CHARLESTON, W.Va. — Tim Armstead is the new chief justice of the state Supreme Court. Armstead started in the position last week after being chosen by fellow justices last fall.
Armstead, a 20-year member of the state legislature that included four years as House speaker, will work with lawmakers on the Court’s proposed budget for next fiscal year, the first under a change in the state Constitution.
“We’ve already had discussions with some of the leadership of the legislature about our budget and we sort of started that process last year with last year’s budget even though the Constitutional amendment that gave the oversight to the legislature hadn’t become effective yet,” Armstead said.
The amendment, approved in the November 2018 General Election, gives the House and Senate oversight and allows lawmakers to reduce the budget of the state judiciary by up to 15 percent. The amendment came from the Supreme Court spending controversy of 2018. Only Justice Beth Walker and Justice Margaret Workman remain on the Court from that time.
Up until that statewide vote, West Virginia was the only state where its Supreme Court had total control of its budget.
Amendment Two also requires the chief justice to appear before the legislature to be heard and answer questions concerning the budget of the state judiciary if requested by either chamber of the legislature.
Armstead said he’s looking forward to continuing discussions with lawmakers during the regular session. Armstead said he helped put together budgets for 20 years as a lawmaker.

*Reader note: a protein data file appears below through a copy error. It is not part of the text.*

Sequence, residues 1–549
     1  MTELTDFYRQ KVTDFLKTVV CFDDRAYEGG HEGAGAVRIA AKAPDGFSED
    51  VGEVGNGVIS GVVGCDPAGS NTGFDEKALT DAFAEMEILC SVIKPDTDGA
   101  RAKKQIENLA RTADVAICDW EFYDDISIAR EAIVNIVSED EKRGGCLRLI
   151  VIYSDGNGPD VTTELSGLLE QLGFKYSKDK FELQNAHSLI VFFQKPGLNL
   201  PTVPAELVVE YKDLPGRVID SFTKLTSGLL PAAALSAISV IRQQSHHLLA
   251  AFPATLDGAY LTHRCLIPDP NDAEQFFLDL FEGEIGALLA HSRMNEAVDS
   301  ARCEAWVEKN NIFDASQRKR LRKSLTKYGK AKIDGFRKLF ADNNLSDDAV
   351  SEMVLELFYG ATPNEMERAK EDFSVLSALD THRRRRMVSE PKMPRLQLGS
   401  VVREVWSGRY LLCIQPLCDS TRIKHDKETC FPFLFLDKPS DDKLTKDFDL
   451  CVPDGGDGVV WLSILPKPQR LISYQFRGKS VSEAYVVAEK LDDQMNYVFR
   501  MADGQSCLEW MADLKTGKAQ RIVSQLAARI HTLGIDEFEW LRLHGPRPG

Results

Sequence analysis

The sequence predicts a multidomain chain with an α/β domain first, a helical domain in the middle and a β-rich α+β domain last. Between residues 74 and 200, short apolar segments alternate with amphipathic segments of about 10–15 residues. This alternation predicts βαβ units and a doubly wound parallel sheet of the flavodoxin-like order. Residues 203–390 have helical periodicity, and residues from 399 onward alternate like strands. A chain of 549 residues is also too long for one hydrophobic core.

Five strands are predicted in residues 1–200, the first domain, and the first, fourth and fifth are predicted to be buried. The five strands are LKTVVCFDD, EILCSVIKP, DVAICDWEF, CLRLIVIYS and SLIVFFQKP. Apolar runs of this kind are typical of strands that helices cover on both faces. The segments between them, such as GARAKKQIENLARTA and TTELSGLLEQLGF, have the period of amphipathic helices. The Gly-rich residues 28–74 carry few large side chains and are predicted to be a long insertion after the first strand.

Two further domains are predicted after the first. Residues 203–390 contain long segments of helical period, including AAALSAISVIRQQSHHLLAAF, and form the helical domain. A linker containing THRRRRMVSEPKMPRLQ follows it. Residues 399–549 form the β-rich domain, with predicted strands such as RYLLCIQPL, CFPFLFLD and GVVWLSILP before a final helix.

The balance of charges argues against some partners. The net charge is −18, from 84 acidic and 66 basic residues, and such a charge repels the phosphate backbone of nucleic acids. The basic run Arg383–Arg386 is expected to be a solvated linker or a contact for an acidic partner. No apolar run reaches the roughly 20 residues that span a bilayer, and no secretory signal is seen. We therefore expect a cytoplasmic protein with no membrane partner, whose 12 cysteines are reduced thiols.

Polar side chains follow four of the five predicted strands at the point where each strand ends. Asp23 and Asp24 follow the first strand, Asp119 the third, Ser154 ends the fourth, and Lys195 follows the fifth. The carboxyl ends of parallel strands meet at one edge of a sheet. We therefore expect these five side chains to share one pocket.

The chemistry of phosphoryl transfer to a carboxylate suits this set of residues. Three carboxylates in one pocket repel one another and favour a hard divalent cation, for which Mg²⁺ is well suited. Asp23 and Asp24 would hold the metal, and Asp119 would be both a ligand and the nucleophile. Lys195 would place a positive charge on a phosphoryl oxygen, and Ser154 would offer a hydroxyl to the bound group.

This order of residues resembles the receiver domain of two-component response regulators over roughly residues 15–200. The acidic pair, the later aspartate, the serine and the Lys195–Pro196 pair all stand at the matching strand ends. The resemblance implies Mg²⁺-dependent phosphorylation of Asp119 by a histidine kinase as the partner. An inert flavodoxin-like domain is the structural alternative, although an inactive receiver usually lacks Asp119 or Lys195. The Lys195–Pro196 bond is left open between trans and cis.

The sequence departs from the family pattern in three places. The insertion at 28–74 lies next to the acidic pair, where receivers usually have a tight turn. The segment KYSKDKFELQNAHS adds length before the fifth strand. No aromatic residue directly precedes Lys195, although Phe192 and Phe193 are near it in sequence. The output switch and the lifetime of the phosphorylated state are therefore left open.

“I do think that my experience as speaker will give me some insights and some experience that will help me in this role,” Armstead told MetroNews.
He also said working with the legislature should continue to boost the public’s confidence in the Court following the 2018 impeachments.
The Court and legislature created Family Treatment Courts last year. Armstead said he would like to see those offerings expand.
“It’s a new approach to abuse and neglect cases,” Armstead said. “Our top priority is to keep children safe, healthy and in loving homes.”
Armstead, who was appointed by Gov. Jim Justice to the Court in August 2018, said he enjoyed his first full year on the Court, especially hearing oral arguments but he’s not sure more cases will be scheduled for oral arguments with him as chief justice.
“I don’t know whether the number will increase this year but I do know that we’ll continue to take very seriously that option and make sure we bring in any case where, particularly if its a case of first impression, a case that hasn’t been decided before,” he said.
Armstead said he also supports the Court’s process of issuing memorandum decisions on cases. He said the decisions let those involved know exactly why the Court has decided they way it has on a particular case.
“It’s incredibly important for litigants to come before the Court on both sides of each case to be able to leave the court process knowing they got a decision on the true merits of the case,” Armstead said.
The Supreme Court is scheduled to meet in conference for the first time in 2020 this Thursday, Jan. 9. The first docket of oral arguments in the new year is set for Jan. 14.
Armstead was elected in November 2018 to complete the remaining two years of the term first held by former Justice Menis Ketchum who pleaded guilty to a federal criminal charge. Armstead has already announced his run for a full 12-year term in the May election.